Fourth: HIking is a bridge activity which enables a host of activities, each of which has its passionate believers, whether it’s outdoor photography, geocaching, astronomy, birdwatching or blogging.

    Fifth: Hiking is much bigger outside the United States. I would bet that fully a quarter of all the hikers I meet on trails in Northern California are here from overseas, either for work or for pleasure. With the global reach of the Web this cannot be ignored. (The language issue is a hurdle but hardly insurmountable.)

    One poster on my blog noted that most hikers don’t bother coming online to find hiking-related content because they’re already in hiking clubs that are common across the United States (and, again, overseas). This, too, suggests there’s a community of hikers, though admittedly an offline community is not much help to an online entrepreneur.

  3. tom says:

    Cutter, by the way: You’re now nominated to be the host of Outdoor Blogger Ho Down No. 2 — what say we have it at next year’s Trail Days?

  4. winehiker says:

    The passion is out there, and for different reasons. Some would rather get their workouts outdoors than be in the gym; others find Nature to be their solace and prefer to be out walking in it often. I’m a fan of doing both, plus regularly organizing others to come along with me. While my hikes are often oversubscribed, very rarely am I finding people who write about hiking. Some, however, are reading about it online, if not regularly. Nearly all, however, fall into the 35-55 y.o. age range.

    We must admit that, more or less, the tools of the Internet are the tools of the young and that hiking is an activity pursued by an older demographic that is not necessarily Internet-savvy or (gasp!) reads blogs. This situation, however, will change; more and more hikers will have been online before they became hikers, as opposed to much of the preceding generation. But feel free to disagree with me on this point if you feel the compulsion.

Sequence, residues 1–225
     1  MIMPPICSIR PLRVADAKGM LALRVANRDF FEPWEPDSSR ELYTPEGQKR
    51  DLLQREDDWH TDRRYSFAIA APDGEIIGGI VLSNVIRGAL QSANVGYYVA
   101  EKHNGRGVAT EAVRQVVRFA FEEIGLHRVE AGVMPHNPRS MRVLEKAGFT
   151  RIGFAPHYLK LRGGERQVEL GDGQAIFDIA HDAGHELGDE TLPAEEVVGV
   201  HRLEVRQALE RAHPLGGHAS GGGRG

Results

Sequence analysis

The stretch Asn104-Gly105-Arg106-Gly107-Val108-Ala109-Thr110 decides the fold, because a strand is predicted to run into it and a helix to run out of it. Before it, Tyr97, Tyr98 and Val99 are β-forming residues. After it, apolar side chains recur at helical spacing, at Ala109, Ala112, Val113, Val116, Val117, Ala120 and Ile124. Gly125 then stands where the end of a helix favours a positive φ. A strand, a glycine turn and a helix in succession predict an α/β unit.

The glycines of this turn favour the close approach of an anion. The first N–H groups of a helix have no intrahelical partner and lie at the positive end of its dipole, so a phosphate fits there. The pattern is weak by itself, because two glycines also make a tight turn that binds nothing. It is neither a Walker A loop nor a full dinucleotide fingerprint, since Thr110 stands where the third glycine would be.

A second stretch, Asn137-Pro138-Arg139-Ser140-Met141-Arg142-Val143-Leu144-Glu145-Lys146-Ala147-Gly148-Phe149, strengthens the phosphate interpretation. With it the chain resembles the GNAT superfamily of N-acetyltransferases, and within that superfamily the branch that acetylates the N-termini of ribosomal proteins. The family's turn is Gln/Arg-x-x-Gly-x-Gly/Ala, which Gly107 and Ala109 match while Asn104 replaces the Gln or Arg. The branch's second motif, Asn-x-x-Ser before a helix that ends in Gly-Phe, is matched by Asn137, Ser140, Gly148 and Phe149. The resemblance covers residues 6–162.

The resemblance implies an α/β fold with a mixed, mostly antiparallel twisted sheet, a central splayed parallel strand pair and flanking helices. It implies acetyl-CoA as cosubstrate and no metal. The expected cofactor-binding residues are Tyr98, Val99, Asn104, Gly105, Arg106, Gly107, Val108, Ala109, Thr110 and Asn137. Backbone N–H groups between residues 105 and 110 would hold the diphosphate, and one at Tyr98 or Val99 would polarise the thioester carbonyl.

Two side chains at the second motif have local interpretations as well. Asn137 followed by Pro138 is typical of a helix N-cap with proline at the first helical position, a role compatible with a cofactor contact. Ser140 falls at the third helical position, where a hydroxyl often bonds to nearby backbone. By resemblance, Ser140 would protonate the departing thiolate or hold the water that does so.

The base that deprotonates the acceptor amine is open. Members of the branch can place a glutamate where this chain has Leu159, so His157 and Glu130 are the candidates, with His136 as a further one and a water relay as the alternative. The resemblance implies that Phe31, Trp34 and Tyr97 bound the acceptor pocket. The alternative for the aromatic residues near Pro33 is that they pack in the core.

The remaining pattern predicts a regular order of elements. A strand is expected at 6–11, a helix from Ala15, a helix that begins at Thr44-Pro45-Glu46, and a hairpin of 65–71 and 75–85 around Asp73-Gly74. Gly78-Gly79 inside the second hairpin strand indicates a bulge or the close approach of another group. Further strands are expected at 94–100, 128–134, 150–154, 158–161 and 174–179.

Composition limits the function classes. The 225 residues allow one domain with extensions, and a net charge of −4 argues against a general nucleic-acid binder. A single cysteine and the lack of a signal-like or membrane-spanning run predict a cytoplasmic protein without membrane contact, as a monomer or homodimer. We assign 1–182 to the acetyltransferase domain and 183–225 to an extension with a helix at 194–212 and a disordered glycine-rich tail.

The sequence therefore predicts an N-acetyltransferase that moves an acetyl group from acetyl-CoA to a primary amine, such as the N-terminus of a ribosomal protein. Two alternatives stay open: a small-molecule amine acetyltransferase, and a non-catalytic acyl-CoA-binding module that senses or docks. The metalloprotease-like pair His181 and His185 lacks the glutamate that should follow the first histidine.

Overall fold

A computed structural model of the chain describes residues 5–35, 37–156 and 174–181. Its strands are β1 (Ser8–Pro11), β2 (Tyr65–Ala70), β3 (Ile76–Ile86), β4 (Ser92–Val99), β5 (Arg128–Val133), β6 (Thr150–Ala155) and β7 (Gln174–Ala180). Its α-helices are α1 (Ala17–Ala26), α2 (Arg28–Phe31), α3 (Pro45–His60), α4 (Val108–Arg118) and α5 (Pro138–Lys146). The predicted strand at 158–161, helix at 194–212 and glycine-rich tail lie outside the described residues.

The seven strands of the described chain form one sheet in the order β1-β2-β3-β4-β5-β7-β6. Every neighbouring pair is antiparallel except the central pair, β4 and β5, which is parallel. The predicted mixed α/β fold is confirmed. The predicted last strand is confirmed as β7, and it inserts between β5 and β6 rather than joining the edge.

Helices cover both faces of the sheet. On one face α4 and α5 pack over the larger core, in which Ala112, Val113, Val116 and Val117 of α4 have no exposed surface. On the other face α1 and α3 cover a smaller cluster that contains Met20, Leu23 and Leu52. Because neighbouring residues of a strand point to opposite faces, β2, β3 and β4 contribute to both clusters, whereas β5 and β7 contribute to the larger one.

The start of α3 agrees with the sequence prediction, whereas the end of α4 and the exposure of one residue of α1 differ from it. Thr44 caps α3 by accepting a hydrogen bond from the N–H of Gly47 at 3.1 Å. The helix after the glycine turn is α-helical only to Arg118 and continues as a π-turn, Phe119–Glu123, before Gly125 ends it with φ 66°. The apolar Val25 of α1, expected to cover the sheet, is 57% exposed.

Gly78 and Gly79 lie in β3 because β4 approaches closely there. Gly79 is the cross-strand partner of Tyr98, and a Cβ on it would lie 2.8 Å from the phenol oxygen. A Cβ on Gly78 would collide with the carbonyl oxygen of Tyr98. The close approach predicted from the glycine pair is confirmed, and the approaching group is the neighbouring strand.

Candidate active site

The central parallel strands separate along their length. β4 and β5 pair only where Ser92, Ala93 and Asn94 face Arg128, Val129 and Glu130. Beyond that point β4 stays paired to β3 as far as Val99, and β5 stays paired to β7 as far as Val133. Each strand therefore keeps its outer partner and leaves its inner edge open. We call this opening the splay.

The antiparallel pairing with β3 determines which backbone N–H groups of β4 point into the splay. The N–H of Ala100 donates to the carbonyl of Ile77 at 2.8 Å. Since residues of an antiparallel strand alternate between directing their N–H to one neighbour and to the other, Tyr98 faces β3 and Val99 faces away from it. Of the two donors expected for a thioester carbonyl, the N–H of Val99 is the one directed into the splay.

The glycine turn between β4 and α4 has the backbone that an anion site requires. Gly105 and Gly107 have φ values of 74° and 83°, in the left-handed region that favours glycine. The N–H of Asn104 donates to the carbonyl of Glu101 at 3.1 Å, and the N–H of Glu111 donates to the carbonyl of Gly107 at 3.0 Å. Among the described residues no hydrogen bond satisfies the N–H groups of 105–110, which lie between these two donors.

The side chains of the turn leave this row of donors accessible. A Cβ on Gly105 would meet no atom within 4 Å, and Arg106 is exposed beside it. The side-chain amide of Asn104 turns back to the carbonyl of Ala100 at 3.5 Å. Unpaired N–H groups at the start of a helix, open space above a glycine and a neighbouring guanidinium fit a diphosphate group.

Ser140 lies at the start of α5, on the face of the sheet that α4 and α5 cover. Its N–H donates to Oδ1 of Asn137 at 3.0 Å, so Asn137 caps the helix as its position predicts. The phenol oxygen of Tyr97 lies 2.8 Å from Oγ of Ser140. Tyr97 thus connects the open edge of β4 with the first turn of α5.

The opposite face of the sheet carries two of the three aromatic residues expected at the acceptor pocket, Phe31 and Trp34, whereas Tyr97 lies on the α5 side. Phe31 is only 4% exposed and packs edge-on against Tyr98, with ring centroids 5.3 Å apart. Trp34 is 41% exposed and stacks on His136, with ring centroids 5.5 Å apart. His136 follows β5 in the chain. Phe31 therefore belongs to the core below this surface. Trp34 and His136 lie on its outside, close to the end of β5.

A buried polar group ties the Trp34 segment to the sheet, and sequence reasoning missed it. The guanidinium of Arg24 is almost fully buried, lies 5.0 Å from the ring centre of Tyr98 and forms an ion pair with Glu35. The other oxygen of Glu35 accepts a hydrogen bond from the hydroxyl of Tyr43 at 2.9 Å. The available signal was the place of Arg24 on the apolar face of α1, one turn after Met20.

Nevertheless, if our passion to hike stirs new generations toward a greater awareness of our cherished outdoor heritage, applying sound ethics to wilderness pursuits, and to using the Internet as a means to this end, then we as passionate bloggers will surely succeed in our current efforts.

  5. cutter says:

    Cutter, by the way: You’re now nominated to be the host of Outdoor Blogger Ho Down No. 2 — what say we have it at next year’s Trail Days?

    Hmmm. You might be able to talk me into that.

  6. […] In a reply to my post, Outing explains a little more what he meant. “I think our model is different and more community/passion focused than most other outdoors online stuff to be of interest and use to people.” […]

  7. DSD says:

    Interesting discussions…
    Two quotes come to mind I’ve mused over:
    “Comparing adventures is like comparing artists; who is to say which is more aesthetically pleasing” Anon
    “The best, most succesful adventurer, is the one having the most fun” Anon
    As for passion and motivation… it seems we all eb and flow in our enthusiasms, particularly if we have been out there for years…regardless of the adventure chosen…
    Another interesting perspective is that isn’t this more about how we each create and then re-create our own motiavtion and passion time and time again…..
    “Summit-Stones” by DSD

  8. DSD says:

    Love the Thoreau quote! Just visited again.
    “Summit-Stones & Adventure Musings” by DSD